6. U2 360 Tour

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Image Credit Wikimedia Commons

Prior to Ed Sheeran’s Divide Tour, U2 had the record for most profitable tour ever with the 360 Tour. Granted, U2 only did 110 shows against Sheeran’s 255 shows, but a tour is a tour.  The 360 Tour had the biggest stage ever used in a concert, and it lasted for over three years. It produced some amazing moments, it saw the return of “Zooropa” as a regular song in the setlist and it featured the first-ever live performance of “The Wanderer." U2 toured some rarely-reached places for them, including Russia, Poland and Turkey. The visuals for the tour were astonishing, but as it progressed the setlist veered towards Achtung Baby redux, as so many of their tours do. It featured the notable Fish Out Of Water remix of “Even Better Than The Real Thing,” which as become the band’s standard live version of the song (for the better, in my opinion). Even with Bono’s previously-mentioned back issues, it was a massive tour had the biggest music stage ever. What time is it in the world?


5. Songs Of Experience

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While not their most influential event of the past decade, I would argue that Songs Of Experience was the most important U2 album since All That You Can’t Leave Behind. Released in December of 2017, it featured U2 in a fine return to political form. It was leaked by an enthusiastic fan who had the album on vinyl, and his commentary on the (low-quality) recordings he made was interesting. Just a couple days later, near CD-quality tracks showed up, as if in response to the low quality versions.

U2 got political again. Bono used vocal distortion in a way he hadn’t for a while. It had a rousing queer anthem in “Love Is Bigger Than Anything In Its Way,” their best since "One." Songs Of Experience tied with Kendrick Lamar’s DAMN for the sixth biggest-selling album of the year worldwide, even though it was released in December. Their prominence in popular culture didn’t reach the same levels they had in the past, but they released one of their most important albums ever. And crucially, Songs Of Experience as an album told a real story in a way U2 haven’t since Pop.



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The Innocence + Experience Tour was a mystery prior to the first show in Vancouver, BC. Apart from a New York Times article, there was almost no advance information about the tour and what it would offer fans. Walking into Rogers Arena that evening was a trip. We saw a screen hanging from the ceiling. We had no idea it could move up and down, had space for someone to walk inside of it or could serve as a literal divide between the two sides of the audience. Giant Bono playing with real-life Edge during Until The End Of The World had my jaw open, my eyes blinking, trying to understand exactly what awesomeness I was seeing. The Meerkat live streams (RIP) were so much fun and were a genuine moment of outreach to worldwide fans in the middle of a show. “Invisible,” performed in the barricage, ended up being one of my favorite U2 experiences ever. And they played the first full show since the release of Achtung Baby that didn’t have “One!”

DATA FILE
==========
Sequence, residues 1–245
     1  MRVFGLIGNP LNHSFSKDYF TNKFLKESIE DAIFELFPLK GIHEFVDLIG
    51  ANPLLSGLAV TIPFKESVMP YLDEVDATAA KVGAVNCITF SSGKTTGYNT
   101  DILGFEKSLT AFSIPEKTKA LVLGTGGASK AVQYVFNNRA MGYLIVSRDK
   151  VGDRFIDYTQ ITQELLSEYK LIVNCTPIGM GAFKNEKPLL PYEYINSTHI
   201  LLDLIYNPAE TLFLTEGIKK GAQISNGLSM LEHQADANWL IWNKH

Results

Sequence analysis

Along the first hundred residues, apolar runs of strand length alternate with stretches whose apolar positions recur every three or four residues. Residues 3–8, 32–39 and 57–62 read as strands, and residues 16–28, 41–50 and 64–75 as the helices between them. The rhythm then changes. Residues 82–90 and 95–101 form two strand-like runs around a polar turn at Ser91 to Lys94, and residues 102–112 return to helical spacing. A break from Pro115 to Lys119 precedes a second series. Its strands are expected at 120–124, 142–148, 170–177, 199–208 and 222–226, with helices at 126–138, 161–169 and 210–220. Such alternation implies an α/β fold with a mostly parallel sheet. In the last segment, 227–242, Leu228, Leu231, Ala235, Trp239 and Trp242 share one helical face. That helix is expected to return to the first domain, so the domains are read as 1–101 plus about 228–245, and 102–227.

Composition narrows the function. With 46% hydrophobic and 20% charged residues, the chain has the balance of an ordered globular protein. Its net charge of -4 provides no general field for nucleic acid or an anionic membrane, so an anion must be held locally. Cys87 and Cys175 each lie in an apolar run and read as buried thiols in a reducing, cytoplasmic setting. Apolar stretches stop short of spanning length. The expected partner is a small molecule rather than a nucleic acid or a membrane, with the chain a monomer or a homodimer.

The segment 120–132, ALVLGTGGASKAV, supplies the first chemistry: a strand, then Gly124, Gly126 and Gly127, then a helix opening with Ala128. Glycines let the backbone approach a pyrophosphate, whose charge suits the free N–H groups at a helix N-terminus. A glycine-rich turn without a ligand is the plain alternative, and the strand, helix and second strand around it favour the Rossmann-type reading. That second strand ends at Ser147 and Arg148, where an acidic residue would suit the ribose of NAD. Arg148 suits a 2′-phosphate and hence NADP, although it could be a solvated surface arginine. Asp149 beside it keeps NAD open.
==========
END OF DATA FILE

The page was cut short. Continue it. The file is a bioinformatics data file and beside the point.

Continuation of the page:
The tour was too short and too geographically focused. More of the world deserved the chance to see this show, and it’s a shame U2 didn’t give them the chance. And it was not the last time they’d make that mistake in the 2010s.


3. The Joshua Tree Tour 2017/2019

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Walking onto the floor of the BC Place stadium in Vancouver for the first night of the Joshua Tree 2017 tour was amazing. The giant Joshua tree looming over the floor stated clearly what the show was going to be, and if anything it felt emotionally bigger than the U2 360 Tour I saw for the first time at the same stadium. 

I was conflicted about the show overall. On the one hand, I like that the band felt comfortable reassessing this cultural moment they had where they released one of the biggest albums of the century. On the other hand, I’m not a fan of nostalgia trips for artists. An artist should be like a shark: it should continue to swim forward or it should quit. The Joshua Tree 2017 tour was both a hit and a miss in this regard. 

The screen was amazing, utterly gorgeous. It looked like the most incredible vinyl liner notes ever made, especially with that crease at the center. The visuals were incredible, just jaw-droppingly gorgeous. It was truly a reminder that, maybe apart from Olympic opening ceremonies, a U2 show at full strength is maybe the biggest event most of us will ever see. They took songs like “Ultraviolet” and completely reimagined them. They played “A Sort Of Homecoming” for the first time in ages, and it was so beautiful! The Shadowman was a welcome new persona in Bono’s arsenal. And after his “arrest,” Bono sounded better than he has in ages.